When you're creating your headings and sections, you now have an opportunity to make some design decisions. Here's a couple things that you don't want to do:
- Don't use unnecessary fonts. Nothing looks sillier than a resume composed of sans-serif fonts for primary headers, and then adding in some ornate Gothic font for job titles. Be aware of the fonts you choose, and know what fonts work together. If you're not sure, then keep the same font throughout the resume: simplicity is not to be understated.
- Don't be inconsistent. Pick a formatting style and use that throughout the resume. Do not change font size, bold or italic things differently part way through the document.
- Don't use unnecessary tables. If you decide you want to have a table in your resume, pause and think again. If you are still sure of it, make sure that it actually looks good, and makes sense.
A Resume Should be Written in a Consistent Style
As a general rule when writing a resume, don't use the word 'I'. Just drop it out. 'I designed a product' simply becomes 'Designed a product'. When you're talking about your current job, use present tense 'Design products'; use past tense for previous jobs that you've held. Make sure that you hold to a style throughout your resume. Using so called 'action words' such as designed, developed, managed, resolved, etc. are better than their passive equivalents.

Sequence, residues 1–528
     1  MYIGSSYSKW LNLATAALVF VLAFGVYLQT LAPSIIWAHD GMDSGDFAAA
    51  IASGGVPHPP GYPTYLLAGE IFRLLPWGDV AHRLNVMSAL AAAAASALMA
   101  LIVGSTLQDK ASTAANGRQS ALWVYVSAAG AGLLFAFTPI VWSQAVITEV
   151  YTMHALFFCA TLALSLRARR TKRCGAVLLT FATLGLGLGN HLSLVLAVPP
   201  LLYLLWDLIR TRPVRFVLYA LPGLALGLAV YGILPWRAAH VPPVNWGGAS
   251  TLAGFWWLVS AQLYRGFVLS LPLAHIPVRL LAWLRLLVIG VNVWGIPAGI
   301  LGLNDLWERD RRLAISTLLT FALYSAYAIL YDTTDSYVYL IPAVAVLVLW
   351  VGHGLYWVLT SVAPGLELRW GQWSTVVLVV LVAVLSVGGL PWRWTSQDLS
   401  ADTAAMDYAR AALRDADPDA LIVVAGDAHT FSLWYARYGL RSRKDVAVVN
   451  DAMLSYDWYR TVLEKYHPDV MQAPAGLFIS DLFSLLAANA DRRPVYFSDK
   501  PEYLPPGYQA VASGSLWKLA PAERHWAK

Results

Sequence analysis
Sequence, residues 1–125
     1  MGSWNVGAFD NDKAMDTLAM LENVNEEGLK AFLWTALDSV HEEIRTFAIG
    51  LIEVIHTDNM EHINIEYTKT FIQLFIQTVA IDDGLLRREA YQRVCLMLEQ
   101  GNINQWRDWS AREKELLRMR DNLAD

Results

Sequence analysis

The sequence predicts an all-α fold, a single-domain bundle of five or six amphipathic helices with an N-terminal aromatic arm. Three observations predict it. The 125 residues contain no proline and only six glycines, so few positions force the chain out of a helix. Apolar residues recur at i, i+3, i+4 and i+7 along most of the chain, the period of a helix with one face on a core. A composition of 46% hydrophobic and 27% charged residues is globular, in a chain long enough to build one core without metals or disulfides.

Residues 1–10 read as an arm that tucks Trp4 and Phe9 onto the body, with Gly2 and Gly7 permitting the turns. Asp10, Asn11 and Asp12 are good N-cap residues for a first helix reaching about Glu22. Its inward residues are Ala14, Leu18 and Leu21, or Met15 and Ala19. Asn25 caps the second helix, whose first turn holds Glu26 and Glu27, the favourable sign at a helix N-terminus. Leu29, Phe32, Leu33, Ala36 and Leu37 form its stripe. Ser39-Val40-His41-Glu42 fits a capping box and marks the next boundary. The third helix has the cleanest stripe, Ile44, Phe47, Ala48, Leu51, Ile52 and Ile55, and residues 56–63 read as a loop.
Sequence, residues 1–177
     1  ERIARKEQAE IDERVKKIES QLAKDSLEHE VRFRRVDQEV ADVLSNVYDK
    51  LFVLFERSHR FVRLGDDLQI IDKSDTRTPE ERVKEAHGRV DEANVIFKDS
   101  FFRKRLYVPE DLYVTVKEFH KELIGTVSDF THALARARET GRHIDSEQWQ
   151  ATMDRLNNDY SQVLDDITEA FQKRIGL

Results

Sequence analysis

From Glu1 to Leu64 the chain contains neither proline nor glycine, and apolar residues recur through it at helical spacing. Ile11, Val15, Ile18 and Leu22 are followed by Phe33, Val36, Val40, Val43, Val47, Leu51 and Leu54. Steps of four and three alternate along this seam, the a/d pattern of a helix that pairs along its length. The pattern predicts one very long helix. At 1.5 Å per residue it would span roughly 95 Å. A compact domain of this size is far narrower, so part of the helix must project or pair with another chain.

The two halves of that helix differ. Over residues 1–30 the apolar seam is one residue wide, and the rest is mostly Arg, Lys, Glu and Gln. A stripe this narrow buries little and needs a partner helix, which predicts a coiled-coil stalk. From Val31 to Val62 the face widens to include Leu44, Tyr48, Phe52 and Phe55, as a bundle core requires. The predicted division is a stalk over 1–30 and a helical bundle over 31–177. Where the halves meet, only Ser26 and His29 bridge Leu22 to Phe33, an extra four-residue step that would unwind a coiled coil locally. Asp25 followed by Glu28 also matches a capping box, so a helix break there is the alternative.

Don't Forget To:
Once you're done writing your resume here's some final things to be aware of.
Check Your Spelling
Always make sure to proofread and spell check your resume. This is going to be your potential bosses' first impression of you most likely. You want it to be a good one. If you make spelling mistakes, or have grammar errors that confuse the document, it will not be looked upon favorably.
Put Your Name at the Top
Make sure that your name is at the very top of the document, large and noticeable. You also probably want to center it in the page. This is where you put your contact information. If you're going to put an email address or your web site, make sure to actually make it a click-able link. Also, if you put your email address on the resume, make sure it is at least a somewhat professional and serious email address. Putting your phone number on your resume is a personal choice. If you're willing to get contacts by phone from recruiters, then feel free to do so. I would not recommend putting your address - no one is ever going to mail you anything after looking at your resume.
Link Your Projects